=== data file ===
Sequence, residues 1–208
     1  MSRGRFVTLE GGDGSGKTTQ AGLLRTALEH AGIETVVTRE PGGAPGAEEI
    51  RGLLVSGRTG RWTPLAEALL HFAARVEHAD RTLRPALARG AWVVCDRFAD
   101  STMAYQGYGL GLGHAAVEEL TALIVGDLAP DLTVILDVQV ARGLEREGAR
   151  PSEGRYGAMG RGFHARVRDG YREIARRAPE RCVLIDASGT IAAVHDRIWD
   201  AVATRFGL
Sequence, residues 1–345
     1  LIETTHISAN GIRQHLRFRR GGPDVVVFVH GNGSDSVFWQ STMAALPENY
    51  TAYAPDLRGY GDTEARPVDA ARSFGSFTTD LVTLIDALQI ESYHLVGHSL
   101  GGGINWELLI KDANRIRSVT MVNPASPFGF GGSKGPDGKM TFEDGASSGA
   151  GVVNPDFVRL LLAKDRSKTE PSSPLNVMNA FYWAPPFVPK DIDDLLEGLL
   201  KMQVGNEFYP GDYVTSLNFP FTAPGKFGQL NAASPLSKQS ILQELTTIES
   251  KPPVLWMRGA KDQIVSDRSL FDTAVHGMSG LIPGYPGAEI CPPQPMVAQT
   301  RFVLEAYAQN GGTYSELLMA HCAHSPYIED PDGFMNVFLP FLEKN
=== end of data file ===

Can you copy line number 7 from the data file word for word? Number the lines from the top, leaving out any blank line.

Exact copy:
Sequence, residues 1–345